From the Publisher
“Who knew that . . . those sizzling thrillers . . . Bangkok 8 and Bangkok Tattoo were just the warm-up acts? Bangkok Haunts opens up new avenues of awe.” —The New York Times Book Review"Bangkok Haunts is a book to be gobbled up at top speed, preferably while wearing sunglasses and drinking through a twisty straw."—The New York Times"Captivating. . . . A wonderful mystery series." —The Washington Post"Spellbinding. . . . [These] characters are scintillating." —The Boston Globe
The famous Southeast Asian land of smiles and guiltless hedonism, as well as the most exquisite green curry on Earth, is truly enchanting for most of the 14 million-plus tourists who visit there each year. But too bad for the visitors who are unlucky enough -- or reckless enough -- to come in contact with the Thai criminal justice system. It is rotten to the core, as it's convincingly portrayed in a wonderful mystery series that is at once sprightly and densely layered, like the Thais themselves.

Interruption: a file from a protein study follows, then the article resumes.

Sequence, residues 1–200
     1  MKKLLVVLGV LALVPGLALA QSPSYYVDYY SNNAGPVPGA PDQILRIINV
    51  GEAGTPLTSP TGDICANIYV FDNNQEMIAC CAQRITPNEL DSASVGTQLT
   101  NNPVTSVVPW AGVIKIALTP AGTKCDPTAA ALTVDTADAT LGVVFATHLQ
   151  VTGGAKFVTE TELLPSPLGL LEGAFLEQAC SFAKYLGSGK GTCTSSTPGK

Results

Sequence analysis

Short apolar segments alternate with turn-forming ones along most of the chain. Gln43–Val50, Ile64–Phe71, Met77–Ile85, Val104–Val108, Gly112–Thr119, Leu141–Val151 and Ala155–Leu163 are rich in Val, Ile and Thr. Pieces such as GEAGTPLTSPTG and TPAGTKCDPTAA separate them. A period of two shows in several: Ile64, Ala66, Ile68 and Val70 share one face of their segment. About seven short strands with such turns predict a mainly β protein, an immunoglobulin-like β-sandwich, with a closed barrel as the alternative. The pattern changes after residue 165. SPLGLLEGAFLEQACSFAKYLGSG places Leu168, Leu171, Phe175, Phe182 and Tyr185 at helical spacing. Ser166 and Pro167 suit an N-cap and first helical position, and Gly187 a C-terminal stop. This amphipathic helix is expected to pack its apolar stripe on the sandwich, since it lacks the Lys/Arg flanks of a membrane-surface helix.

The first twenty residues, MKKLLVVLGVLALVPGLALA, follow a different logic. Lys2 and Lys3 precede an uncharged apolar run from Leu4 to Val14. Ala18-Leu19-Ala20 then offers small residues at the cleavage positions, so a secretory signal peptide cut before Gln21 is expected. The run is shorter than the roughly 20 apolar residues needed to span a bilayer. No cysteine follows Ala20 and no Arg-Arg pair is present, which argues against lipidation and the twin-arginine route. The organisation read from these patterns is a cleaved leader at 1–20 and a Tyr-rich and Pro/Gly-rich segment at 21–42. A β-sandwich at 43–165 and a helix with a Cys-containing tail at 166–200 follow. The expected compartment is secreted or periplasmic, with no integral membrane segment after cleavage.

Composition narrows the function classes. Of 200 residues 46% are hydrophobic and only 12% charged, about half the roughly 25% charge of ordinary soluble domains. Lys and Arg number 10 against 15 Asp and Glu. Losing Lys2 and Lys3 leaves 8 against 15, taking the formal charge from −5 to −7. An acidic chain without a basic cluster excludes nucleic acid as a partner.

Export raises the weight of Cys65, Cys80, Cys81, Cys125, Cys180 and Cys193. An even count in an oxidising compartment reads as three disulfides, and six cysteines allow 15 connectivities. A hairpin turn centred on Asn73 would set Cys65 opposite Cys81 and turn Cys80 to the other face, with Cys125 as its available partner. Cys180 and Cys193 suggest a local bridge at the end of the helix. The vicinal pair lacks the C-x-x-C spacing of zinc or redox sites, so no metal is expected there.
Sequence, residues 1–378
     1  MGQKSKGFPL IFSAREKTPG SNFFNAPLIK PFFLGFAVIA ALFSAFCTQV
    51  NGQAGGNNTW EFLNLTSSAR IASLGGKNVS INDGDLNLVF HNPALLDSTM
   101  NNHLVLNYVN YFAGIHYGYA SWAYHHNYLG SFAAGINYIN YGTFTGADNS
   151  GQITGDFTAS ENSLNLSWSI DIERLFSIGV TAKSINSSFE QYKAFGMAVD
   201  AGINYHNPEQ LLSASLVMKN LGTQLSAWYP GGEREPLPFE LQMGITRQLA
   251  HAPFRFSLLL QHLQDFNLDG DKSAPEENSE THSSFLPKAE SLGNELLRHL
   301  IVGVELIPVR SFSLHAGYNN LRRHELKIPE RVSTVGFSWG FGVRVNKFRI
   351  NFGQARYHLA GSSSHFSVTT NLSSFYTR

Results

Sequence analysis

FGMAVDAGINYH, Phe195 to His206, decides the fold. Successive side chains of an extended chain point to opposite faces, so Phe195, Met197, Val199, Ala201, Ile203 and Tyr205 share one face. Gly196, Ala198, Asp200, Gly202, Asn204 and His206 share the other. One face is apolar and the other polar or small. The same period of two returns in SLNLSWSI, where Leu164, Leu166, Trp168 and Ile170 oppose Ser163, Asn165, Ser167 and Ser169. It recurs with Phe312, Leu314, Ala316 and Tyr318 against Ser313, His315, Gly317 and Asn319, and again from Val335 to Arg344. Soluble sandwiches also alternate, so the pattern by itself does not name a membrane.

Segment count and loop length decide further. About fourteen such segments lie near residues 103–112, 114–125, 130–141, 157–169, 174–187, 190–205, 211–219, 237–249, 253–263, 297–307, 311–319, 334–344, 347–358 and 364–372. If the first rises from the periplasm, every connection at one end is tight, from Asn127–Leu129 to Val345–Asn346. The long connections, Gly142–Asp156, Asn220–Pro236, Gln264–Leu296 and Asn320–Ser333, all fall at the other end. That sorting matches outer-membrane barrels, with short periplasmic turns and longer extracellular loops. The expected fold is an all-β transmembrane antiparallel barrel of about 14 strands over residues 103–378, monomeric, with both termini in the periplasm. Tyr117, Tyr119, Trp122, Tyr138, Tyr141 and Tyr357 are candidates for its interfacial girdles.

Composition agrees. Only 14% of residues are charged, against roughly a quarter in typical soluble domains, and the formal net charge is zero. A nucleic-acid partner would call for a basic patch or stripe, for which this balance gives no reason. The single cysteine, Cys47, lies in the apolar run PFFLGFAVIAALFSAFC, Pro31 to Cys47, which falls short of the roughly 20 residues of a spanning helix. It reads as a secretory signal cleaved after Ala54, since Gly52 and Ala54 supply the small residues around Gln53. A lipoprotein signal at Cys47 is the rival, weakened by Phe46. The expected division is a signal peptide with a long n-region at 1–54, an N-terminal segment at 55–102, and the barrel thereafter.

The Washington Post
Who knew that Bangkok 8 and Bangkok Tattoo were just the warm-up acts? As vibrantly as those sizzling thrillers captured the exotic flavor of crime and corruption in Thailand’s capital city, John Burdett’s Bangkok Haunts opens up new avenues of awe.
The New York Times
At the start of Burdett's superb third mystery-thriller to feature Thai police detective Sonchai Jitpleecheep (after Bangkok 8 and Bangkok Tattoo), Jitpleecheep shows old friend Kimberley Jones, an American FBI agent, a vicious snuff film he's received depicting the murder of an ex-lover of his named Damrong. Jitpleecheep and Jones maintain their complex platonic relationship as, helped by Jitpleecheep's assistant Lek, they pursue Damrong's killers. The trail leads them to an important banker, an American teacher, a Buddhist and an exclusive men's club called the Parthenon. Jitpleecheep, who now lives with Chanya, a former prostitute pregnant with his child, is visited in an erotic way by Damrong's ghost, while his corrupt superior, police colonel Vikorn, orders Jitpleecheep to help start a porn film business. Expertly juggling elements that in lesser hands would become confused or hackneyed, Burdett has created a haunting, powerful story that transcends genre. 75,000 first printing; 6-city author tour. (June)Copyright 2007 Reed Business Information